Chronic kidney disease, bone and mineral affection and the search for the perfect biomarker

We were looking for the best out of nine biomarkers of chronic kidney disease (CKD) mineral and bone disorder (MBD) associated with adverse cardiovascular events and mortality in the German CKD (GCKD) study cohort of 5217 patients. Osteoprotegerin outperformed all other investigated biomarkers.
Published in Biomedical Research
Chronic kidney disease, bone and mineral affection and the search for the perfect biomarker
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CKD is a growing global factor negatively impacting  morbidity and mortality, affecting more than 10% of the general population, which is equivalent to more than 800 million people (Bikbov et al 2021, Kovesdy 2022).  Mineral and bone disorder (MBD) is a common consequence of advanced CKD, resulting in major cardiovascular and non-cardiovascular complications, such as myocardial infarction, congestive heart failure, bone fractures, peripheral artery disease or stroke, limiting both the quality of life and longevity of patients with CKD. Current treatment strategies for CKD-MBD focus on  optimization of vitamin D supplementation, managing intact parathormone (iPTH) levels, and addressing  hyperphosphatemia and hypocalcemia (KDIGO guideline on the treatment of CKD-MBD 2017). However, more knowledge is needed when it comes to early detection of those patients at risk for complications from CKD-MBD.

Osteoprotegerin correlates strongest with all four investigated outcomes

In our study (Reimer et al. 2023), we compared the prognostic value of nine MBD biomarkers to determine those associated best with adverse cardiovascular outcomes and mortality. Of 5217 patients enrolled in the German CKD (GCKD) study, serum osteoprotegerin , C-terminal fibroblast growth factor-23 (FGF23), intact parathyroid hormone (iPTH), bone alkaline phosphatase (BAP), cross-linked C-telopeptide of type 1 collagen (CTX1), procollagen 1 intact N-terminal propeptide (P1NP), phosphate, calcium, and 25-OH vitamin D 4246 data sets were complete at baseline and included in the further analysis. During a median follow-up of 6.5 years, non-cardiovascular deaths, cardiovascular deaths, nonfatal major adverse cardiovascular events (MACE) and hospitalizations for congestive heart failure (CHF) were observed. We correlated all serum biomarker levels at baseline to the occurrence of these events and found osteoprotegerin to be associated strongest with all four outcomes.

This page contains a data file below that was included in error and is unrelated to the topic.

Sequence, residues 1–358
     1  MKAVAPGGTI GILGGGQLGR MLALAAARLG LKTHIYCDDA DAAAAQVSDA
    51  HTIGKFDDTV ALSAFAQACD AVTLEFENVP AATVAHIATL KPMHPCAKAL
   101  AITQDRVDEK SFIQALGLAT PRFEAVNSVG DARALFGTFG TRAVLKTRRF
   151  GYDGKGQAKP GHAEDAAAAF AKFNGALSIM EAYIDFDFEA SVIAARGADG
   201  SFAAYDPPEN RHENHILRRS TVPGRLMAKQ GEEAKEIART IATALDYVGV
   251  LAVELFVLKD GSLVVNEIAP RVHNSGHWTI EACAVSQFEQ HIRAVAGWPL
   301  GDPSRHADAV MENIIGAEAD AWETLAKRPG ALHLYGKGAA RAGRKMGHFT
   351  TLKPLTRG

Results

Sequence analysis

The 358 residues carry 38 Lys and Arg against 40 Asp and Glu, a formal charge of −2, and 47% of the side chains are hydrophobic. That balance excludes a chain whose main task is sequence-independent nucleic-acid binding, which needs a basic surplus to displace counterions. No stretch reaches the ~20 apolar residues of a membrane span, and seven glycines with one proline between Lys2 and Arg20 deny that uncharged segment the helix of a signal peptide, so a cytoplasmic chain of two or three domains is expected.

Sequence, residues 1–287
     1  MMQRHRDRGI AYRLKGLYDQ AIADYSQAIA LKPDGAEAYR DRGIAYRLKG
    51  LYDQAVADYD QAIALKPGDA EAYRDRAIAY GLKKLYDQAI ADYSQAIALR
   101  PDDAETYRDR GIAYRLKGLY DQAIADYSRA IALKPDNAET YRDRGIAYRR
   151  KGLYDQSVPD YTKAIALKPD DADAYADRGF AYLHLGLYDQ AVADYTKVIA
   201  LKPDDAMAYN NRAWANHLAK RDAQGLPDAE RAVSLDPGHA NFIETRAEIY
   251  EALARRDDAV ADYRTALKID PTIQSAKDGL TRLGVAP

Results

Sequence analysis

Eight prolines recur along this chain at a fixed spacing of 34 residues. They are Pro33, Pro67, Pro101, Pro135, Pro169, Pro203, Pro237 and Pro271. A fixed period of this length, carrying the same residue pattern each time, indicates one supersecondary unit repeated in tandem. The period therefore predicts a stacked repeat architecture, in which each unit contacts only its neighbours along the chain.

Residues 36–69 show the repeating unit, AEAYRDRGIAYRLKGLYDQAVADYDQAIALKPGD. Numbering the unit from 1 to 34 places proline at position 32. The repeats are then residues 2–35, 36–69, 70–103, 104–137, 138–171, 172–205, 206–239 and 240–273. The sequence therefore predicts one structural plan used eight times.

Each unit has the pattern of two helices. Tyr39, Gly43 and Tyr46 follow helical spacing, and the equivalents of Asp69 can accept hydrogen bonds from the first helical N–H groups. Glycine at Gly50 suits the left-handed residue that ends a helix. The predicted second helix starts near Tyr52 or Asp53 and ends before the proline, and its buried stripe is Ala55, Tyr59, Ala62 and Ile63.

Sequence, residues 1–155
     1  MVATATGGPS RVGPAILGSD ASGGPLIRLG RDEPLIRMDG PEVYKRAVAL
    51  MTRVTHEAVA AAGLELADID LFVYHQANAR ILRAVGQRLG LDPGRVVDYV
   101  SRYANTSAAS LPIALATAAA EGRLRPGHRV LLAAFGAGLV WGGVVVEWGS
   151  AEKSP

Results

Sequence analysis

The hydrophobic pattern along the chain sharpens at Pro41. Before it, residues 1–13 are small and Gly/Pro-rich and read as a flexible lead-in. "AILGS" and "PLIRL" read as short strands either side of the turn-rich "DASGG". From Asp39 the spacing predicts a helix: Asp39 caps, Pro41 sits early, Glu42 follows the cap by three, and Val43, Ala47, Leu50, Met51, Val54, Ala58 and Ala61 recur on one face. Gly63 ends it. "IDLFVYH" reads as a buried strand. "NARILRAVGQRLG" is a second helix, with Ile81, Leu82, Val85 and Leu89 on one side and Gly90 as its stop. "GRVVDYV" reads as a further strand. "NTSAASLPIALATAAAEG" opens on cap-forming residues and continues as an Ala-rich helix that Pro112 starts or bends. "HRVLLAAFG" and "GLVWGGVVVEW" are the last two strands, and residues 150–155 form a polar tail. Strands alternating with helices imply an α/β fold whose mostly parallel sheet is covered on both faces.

Osteoprotegerin is involved in regulating bone metabolism - we need to know more

Seeing these results, osteoprotegerin naturally became the focus of our attention. What is the role of osteoprotegerin in the human body and in the context of CKD-MBD in specific? To discover this, it is essential to dive into the basics of bone metabolism, which is a tightly regulated process characterized by constant bone formation and resorption. Osteoprotegerin is an important mediator and regulator in bone metabolism. It is also referred to as the osteoclastogenesis inhibitory factor (OCIF) and functions as a cytokine receptor of the tumor necrosis factor (TNF) family. As a soluble factor, it is mainly expressed in osteoblast lineage cells of the bone, but also by a manifold of other cell types including dendritic and B cells of the immune system, vascular endothelial cells, and various epithelial cells (Simonet et al. 1997). Osteoprotegerin is part of the RANKL/RANK/OPG pathway regulating and balancing osteoclast and osteoblast activity as a decoy receptor to RANKL (Zaidi et al. 2023). Our findings are in alignment with the research conducted in the Korean CKD cohort KNOW-CKD. They found osteoprotegerin levels to be independently associated with CKD progression (Oh et al. 2022). The exact mechanism of a) how osteoprotegerin is activated during CKD and b) its exact role in the fostering of cardiovascular complications remain largely unclear to date. Stimulators of osteoprotegerin secretion other than CKD are widely debated and include, amongst others, proinflammatory signals (Marques et al. 2021). In our data, hsCRP was included in the COX regression models to rule out an effect of nonspecific inflammation on the correlation between serum osteoprotegerin levels and investigated outcomes. However, osteoprotegerin is known to be directly secreted by immune cells, including B cells, thus, in inflammatory conditions, it is likely to play a role in modulating the bone together with other proinflammatory cytokines and influence the course of CKD-MBD (Mazzaferro et al. 2021). To further understand the kinetics involved, it would be intriguing to generate a time course profile of osteoprotegerin expression in health and disease in order to more tightly define osteoprotegerin kinetics in CKD patients. Furthermore, it will be of value to measure more parameters involved in bone metabolism, such as RANKL, RANK, TRAIL, and sclerostin to gain a more complete picture of what is happening during the progression of CKD. This will likely contribute to unveiling the pathophysiology of CKD-MBD and subsequently leading towards precise targets for intervention and modification.

Cardiovascular complications pose a major threat to patients with CKD-MBD. In our 4246 CKD patients, out of nine CKD-MBD biomarkers osteoprotegerin correlates best with four endpoints MACE, hospitalization for CHF, cardiovascular and overall mortality, illustrating this relationship. Osteoprotegerin holds great potential as a biomarker in the context of CKD-MBD and might help to stratify those patients at risk for complicative events during their course of disease, paving the way for early onset treatment and intervention.

We thank all patients, GCKD investigators and sponsors for their continued contribution. For more information please visit the GCKD website .

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